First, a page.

However, some departments might find a "turnkey" approach to permitting in their county to be a revenue generator- this might create some competition among PDs/Sheriffs for applicants. In Alameda County, for example, even 1% of its population of ~1.5MM @ approx. $400/permit = $6MM initially and $3MM/2 years for renewals.

All this said, I think it's reasonable to expect CA DOJ to take over permits within 2 legislative cycles from a Sykes win at CA9.

You'll note that, if you read the link, the assembly permit for the National mall is $50. The general rule is that the fee has to be pretty directly tied to the underlying costs of issuing the permit. I expect that over time we'll be able to limit the CCW fees to numbers that look like Utah or Florida. There are also going to have to be exceptions for those who can't afford the fees to get the license.

There have been cases challenging fees or costs for permits that truck into rights areas. For example, if the state can show that it takes e.g. 2 hours to process then they can probably charge $20 or something ex hard costs.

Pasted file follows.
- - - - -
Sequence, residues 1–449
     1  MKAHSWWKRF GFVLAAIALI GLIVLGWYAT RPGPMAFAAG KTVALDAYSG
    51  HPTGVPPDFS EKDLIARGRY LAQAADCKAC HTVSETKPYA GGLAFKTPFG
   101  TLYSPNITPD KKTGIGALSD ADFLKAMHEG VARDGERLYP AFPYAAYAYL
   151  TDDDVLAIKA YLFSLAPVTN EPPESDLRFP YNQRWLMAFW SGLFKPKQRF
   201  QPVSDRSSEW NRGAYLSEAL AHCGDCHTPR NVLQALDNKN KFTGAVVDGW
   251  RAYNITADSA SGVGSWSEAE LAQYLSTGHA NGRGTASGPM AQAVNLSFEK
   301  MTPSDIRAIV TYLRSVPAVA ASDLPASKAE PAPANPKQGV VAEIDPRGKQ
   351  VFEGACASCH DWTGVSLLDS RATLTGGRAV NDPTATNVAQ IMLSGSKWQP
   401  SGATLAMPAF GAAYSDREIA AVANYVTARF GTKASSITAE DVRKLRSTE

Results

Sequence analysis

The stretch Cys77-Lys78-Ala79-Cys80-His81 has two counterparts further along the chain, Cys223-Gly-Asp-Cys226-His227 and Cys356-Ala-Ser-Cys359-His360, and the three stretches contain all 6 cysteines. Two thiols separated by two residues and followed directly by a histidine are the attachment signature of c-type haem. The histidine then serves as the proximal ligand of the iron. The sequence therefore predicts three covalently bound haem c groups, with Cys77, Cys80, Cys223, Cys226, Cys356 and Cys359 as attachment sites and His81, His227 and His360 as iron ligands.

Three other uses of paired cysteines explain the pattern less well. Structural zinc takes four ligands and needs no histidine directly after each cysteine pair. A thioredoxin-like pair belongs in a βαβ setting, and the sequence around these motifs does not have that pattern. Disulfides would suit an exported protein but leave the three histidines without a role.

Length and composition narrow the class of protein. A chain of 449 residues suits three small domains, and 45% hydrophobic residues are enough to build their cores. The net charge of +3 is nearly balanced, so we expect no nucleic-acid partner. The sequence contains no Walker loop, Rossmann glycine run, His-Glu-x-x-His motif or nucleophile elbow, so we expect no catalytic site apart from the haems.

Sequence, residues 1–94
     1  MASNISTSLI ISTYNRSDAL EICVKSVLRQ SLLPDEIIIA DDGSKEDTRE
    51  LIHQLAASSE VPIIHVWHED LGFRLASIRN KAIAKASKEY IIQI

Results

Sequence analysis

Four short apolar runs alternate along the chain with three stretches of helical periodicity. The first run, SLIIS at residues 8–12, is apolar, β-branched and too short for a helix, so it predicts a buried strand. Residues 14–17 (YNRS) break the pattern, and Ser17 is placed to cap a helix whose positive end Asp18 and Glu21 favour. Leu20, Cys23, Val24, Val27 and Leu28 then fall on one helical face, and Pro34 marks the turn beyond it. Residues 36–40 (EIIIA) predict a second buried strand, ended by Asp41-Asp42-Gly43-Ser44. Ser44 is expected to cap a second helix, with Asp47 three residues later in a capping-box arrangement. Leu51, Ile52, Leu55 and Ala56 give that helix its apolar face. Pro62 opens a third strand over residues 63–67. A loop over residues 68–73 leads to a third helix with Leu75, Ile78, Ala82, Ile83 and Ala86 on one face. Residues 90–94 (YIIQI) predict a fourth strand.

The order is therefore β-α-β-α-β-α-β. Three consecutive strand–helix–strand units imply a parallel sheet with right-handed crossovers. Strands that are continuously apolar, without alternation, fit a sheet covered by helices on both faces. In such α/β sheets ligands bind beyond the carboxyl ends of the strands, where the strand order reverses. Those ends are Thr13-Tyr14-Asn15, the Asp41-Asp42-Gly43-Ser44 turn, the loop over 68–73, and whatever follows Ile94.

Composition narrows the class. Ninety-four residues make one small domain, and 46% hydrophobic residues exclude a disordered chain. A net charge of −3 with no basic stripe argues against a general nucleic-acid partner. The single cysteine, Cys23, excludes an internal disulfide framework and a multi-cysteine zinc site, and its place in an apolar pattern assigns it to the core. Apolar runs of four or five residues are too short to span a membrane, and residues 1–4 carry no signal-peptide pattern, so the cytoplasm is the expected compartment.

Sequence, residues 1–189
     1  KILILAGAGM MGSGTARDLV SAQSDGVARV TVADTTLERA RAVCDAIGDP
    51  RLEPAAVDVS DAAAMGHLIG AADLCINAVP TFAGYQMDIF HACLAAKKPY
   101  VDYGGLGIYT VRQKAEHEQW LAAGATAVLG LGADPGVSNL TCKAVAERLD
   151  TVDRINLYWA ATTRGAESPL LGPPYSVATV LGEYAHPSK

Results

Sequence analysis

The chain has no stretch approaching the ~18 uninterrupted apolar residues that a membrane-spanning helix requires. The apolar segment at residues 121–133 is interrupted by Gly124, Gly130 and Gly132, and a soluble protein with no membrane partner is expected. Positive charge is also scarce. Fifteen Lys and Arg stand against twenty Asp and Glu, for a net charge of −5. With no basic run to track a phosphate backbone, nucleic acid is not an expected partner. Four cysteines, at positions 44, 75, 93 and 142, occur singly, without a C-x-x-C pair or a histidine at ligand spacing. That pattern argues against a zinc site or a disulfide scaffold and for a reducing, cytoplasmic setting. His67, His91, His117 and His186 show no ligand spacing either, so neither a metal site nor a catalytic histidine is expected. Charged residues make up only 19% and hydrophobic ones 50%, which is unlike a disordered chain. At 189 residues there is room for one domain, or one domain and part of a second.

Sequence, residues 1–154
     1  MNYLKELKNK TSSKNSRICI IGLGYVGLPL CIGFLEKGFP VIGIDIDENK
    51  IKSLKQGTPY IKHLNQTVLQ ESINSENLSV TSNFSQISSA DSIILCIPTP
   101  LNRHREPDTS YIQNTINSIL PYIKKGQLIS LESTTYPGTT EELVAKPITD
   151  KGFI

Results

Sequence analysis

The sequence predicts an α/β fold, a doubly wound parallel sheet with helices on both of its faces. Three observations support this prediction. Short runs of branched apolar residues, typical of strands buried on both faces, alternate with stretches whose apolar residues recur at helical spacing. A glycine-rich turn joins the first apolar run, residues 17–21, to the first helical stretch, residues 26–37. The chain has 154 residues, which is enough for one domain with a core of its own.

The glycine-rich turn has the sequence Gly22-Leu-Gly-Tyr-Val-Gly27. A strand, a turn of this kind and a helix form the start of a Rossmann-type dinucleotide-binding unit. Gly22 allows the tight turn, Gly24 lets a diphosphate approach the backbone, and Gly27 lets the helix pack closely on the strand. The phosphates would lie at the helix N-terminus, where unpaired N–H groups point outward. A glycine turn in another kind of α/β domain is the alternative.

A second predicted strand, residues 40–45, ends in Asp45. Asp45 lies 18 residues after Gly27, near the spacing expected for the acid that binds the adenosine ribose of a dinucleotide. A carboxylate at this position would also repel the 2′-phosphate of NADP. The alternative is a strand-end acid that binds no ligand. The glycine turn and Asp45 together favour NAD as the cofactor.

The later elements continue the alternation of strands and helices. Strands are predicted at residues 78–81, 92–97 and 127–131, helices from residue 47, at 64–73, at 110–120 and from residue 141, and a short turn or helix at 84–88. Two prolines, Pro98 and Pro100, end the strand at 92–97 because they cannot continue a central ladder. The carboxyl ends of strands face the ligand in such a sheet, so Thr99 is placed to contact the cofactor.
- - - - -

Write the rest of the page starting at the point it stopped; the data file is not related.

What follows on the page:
-Gene

okimreloaded
01-18-2010, 12:57 AM
My layman's take:

When a state is forced to comply with one of the 10 Bill of Rights, that right is "incorporated" in the state. That is all that "incorporation" means - forcing a state to recognize a basic right (could be free speech or any other of the 10). Currently, California is not required to acknowledge or respect the 2nd Amendment.

There are 2 parts to the 2nd Amendment. (1) The right to keep arms, and (2) the right to bear arms (CCW or LOC)

Once the 2nd Amendment is incorporated in the McDonald v Chicago case, we will have the same rights in California (or maybe Nordyke will need to be completed first?).

In any case, Californians will get the 2nd Amendment incorporated and then we can sue for our right to bear arms (CCW or LOC) through the Sykes v McGinness lawsuit.


the reason these aren't already automatically incorporated I believe is because of a racist ruling known as cruikshank. The case about incorporation is asking that the supreme court overturn cruikshank and reinstate automatic incorporation. This has resulted in liberal types getting involved and supporting it.

artherd
01-18-2010, 3:46 AM
I hope you are hungry - you will eat well.